Among the highlights for me are, of course, “Hot Boots”, and lead track “Dark Thoughts” (“Take it from me, there’s a possibility / that those you love don’t give a shit about you”….Like she said, it’s a bit dark). Then there’s “Jump Out of the Way”, which some will recognize from Super Desserts’ Barefoot in the Disenchanted Forest, even though this version is something entirely new, insomuch as it is the oldest incarnation of the song. But “The Healing Service”, the closing track has been the standout for me from the moment I first heard it. Essentially entirely a cappella, it could very easily have been lifted from the O’ Brother soundtrack and is instantly intoxicating. As the voices fade into the sound of rolling thunder and eventually silence, the listener is left to contemplate the lyrics: “I started my own religion, didn’t need to get a degree. / I made up my own religion through pain and sympathy / It involves a group of people who never drift apart / and though the pain they feel is their own, they feel it through one heart.”

The album is out now, but only on vinyl and download. I, for one, would encourage you to buy a hard copy, and I think Eve would agree. ”

I get really excited about the product, the object itself as a craft object. So when I make my CDs I hand print the covers of the CD and I like for people, if they actually buy something from me, that it be like a cool thing they can have. And I feel it’s the same way with vinyl. It’s huge; the art is a lot easier to look at; it sounds really good…” However, if you’re the kind of person who actually likes to know what they are buying before paying for it, you can still stream the entire thing here.

Look, mp3s! Legal ones!

I have mentioned Super Desserts before (way back when no one was reading this blog), but several months ago, I promised them a full review of their album. Barefoot in the Disenchanted Forest really isn’t like any album you’ve seen/heard before. Then again, super Desserts aren’t like any band you’ve ever seen/heard before. For instance, when was the last time you paid $5 for 21 songs with titles like “Under the Guise of Darkness, Clara’s Hands Look Like Ninja Fighting Stars (We Won’t Talk About Her Nose)” on a CD with a 26 page photocopied collage booklet packaged in a 7-inch vinyl record sleeve? For that matter, how many bands have you seen that use glockenspiel, ukulele, banjo, and sitar along with strings simultaneously, all the while reveling in the melodic capabilities of the bass clarinet? Are you starting to get the picture?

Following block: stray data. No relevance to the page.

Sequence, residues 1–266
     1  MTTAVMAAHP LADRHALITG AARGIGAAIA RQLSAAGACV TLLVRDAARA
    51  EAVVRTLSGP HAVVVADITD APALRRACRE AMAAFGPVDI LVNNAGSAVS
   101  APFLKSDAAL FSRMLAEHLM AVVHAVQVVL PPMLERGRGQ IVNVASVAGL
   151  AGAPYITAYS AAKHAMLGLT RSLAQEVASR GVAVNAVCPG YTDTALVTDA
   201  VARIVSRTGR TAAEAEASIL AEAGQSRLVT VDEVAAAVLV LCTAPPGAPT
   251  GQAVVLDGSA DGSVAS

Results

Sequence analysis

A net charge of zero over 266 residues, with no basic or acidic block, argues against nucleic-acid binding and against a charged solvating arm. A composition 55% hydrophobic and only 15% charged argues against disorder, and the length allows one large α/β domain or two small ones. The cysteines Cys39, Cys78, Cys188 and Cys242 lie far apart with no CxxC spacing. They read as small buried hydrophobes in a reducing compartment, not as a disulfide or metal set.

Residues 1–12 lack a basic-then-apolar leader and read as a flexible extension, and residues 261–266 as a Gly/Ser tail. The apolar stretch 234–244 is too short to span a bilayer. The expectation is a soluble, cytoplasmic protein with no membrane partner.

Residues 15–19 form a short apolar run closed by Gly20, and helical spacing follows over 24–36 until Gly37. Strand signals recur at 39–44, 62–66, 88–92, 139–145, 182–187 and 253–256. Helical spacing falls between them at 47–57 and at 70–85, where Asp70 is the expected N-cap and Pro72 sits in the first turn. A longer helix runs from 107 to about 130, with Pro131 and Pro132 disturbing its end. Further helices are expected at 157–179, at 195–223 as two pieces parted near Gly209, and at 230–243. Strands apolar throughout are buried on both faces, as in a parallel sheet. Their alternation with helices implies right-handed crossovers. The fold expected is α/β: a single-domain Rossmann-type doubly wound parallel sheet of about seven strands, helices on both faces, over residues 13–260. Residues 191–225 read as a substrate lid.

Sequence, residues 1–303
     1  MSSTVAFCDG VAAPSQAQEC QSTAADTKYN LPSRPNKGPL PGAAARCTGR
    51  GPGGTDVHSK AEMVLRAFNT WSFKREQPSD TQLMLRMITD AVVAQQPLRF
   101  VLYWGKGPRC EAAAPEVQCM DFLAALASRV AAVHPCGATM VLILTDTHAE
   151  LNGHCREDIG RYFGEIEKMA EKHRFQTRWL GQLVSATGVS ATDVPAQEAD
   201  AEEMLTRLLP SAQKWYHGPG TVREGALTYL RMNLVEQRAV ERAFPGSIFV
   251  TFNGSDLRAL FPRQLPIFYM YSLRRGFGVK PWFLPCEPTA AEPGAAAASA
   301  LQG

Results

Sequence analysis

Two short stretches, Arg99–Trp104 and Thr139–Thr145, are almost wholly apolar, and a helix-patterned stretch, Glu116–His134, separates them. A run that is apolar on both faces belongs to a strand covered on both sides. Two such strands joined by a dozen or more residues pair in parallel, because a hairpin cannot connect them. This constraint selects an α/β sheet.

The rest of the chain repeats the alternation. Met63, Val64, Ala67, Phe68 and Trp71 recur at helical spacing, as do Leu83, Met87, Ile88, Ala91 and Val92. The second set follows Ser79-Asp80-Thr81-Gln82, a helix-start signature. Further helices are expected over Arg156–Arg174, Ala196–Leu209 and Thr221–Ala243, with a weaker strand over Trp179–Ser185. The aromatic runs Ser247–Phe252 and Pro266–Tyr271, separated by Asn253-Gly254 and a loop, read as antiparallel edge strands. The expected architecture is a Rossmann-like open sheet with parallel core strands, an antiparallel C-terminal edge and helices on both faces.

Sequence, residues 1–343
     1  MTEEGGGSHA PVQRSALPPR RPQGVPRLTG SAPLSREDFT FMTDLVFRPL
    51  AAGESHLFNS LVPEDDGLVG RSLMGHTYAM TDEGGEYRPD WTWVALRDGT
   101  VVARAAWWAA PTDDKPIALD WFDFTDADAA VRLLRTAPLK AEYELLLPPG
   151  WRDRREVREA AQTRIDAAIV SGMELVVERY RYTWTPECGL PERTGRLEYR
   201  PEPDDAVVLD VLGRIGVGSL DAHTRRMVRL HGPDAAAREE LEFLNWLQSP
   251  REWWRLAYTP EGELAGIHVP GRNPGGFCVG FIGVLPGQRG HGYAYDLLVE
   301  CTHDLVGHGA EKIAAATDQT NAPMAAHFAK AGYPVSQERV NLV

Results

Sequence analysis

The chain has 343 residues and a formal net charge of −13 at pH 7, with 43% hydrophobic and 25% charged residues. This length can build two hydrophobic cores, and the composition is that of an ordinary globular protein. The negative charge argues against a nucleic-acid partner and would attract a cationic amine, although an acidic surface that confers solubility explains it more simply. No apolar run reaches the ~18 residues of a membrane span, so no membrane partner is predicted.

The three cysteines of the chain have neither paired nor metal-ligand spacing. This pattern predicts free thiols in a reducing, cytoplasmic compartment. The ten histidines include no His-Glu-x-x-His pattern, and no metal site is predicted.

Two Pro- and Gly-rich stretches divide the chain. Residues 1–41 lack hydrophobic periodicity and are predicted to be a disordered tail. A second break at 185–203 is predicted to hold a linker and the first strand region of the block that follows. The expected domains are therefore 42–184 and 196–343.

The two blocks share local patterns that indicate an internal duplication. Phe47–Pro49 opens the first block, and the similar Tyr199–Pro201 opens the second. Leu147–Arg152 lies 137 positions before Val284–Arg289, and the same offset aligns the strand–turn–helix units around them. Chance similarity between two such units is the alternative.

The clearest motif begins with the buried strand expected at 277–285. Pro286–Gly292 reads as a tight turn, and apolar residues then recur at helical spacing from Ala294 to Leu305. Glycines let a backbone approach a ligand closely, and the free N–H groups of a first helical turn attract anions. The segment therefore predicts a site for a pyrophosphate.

“Ghost Song” mp3

“Fran’s Song” mp3

Clearly, I cannot address every song, so we’ll just stick with a few of the highlights. “Four Seasons” (yes, each track has an alternate, simpler title) is a great opener, if only because, within 20 seconds, you have a clear sense of how intricate Super Desserts’ instrumental textures really are. (It is, however, a great song in its own right.) The track opens with ukulele, shaker, and glockenspiel for a few measures before adding banjo, harpsichord, and bass clarinet and, finally, choral, sing-along-style vocals. (And that’s the thing about this band, every song is like listening to a group of friends gathered in a pub or someone’s living room or round a campfire with whatever instruments they have on hand, singing and playing for the love of music. And that is just what every Super Desserts show is like. It’s the kind of genuineness that Fleet Foxes might have been capable of were they not from the self-obsessed Pacific Northwest.)